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Work and Energy

  1. Sep 13, 2012 #1
    For some reason I am getting stuck with problems that seem to be very simple.

    I get quite confused with the matter that, when fields do negative work, an object gains energy.

    So, for example. When we raise a book to a shelf, we are doing positive work equal to mgh and gravity is doing negative work equal to -mgh. Yet, the book gains potential energy. How?

    Similarly, when we move a positive charge towards a negative plate through a distance s, we perform work equal to qEs, the field does -qEs and the charge gains potential energy. How?

    Sorry if I am failing to spot anything really simple! I might have had a bit too much of studying today :redface:

    Thanks in advance
  2. jcsd
  3. Sep 13, 2012 #2
    Potential energy represents stored work. If a conservative
    force does positive work (as does gravity on a falling object), then potential energy must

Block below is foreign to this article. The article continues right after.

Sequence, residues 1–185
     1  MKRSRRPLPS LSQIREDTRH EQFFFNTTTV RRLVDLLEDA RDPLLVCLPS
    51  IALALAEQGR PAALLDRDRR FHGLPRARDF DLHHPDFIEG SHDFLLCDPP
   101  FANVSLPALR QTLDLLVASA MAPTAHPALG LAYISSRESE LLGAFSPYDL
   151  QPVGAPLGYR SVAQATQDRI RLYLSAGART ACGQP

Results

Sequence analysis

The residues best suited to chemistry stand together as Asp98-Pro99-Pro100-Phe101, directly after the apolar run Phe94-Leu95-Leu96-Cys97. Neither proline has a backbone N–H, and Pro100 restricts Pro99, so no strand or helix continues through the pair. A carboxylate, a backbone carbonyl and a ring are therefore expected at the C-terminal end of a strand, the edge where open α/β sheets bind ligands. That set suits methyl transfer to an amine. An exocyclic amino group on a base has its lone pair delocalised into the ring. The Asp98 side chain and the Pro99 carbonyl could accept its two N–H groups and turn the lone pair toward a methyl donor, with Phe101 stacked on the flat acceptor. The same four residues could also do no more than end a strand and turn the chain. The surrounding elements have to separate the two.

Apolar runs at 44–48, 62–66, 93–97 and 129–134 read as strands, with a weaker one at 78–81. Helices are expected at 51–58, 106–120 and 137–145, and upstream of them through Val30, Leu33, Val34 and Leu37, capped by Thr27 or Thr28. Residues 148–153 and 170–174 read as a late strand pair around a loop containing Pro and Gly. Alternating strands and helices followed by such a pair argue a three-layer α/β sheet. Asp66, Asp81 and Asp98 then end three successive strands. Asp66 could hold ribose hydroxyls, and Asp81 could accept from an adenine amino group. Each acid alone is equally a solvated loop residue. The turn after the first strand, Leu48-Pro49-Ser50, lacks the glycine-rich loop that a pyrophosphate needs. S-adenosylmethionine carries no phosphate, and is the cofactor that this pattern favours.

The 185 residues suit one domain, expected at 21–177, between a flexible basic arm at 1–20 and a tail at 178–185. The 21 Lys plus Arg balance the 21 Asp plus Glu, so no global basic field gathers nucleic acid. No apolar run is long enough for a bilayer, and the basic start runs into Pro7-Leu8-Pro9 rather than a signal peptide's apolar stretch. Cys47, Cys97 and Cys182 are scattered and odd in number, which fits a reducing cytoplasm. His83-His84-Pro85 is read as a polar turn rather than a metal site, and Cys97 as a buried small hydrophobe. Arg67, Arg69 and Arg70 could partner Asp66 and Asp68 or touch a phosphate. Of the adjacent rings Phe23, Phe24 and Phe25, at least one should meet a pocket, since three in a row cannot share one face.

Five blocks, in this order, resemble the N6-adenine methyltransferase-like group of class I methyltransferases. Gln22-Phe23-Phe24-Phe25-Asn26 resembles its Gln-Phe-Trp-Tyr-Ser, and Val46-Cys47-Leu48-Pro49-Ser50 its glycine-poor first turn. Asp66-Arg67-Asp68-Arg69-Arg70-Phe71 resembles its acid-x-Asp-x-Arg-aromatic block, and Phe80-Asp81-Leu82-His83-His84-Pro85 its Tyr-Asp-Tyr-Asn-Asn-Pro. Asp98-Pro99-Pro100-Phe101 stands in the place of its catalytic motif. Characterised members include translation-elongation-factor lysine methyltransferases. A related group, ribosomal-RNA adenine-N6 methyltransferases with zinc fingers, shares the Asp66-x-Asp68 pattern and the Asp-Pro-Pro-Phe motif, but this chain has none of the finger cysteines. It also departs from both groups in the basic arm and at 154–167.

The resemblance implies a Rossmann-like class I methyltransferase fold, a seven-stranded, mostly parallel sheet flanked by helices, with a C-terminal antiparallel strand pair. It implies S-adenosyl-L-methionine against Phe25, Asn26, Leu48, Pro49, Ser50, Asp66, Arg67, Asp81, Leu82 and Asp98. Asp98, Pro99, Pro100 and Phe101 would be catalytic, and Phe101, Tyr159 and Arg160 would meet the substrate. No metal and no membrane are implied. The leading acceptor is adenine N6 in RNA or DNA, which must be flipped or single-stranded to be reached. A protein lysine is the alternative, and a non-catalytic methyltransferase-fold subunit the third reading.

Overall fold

decrease—and that means ΔU must be negative.
  4. Sep 13, 2012 #3
    Hi. Thanks for your answer! The only thing that still bothers me is the negative work. How can there be a gain in potential energy if there is positive and negative work of equal magnitudes acting on a object!?
  5. Sep 13, 2012 #4
    ΔW=-ΔU by definition

    Why negative sign? As in post#2.
  6. Sep 13, 2012 #5
    But then doesn't that imply the gain in PE is a result of the external force doing work and the negative work done by the field?
  7. Sep 13, 2012 #6
    Here an example from 3000 solved problem-Schaum's Series.

    How much work is done in moving a body of mass 1.0kg from an elevation of 2 m. to an elevation of 20m,
    a) by the gravitional field of the earth?
    b) by the external agent lifting the body?

    a) W=-ΔU=-176.4J
    The work is negative because the force oppose the motion.

    If the body is unaccelerated(ΔK=0), then W'=176.4J, the negative of the gravitational work.
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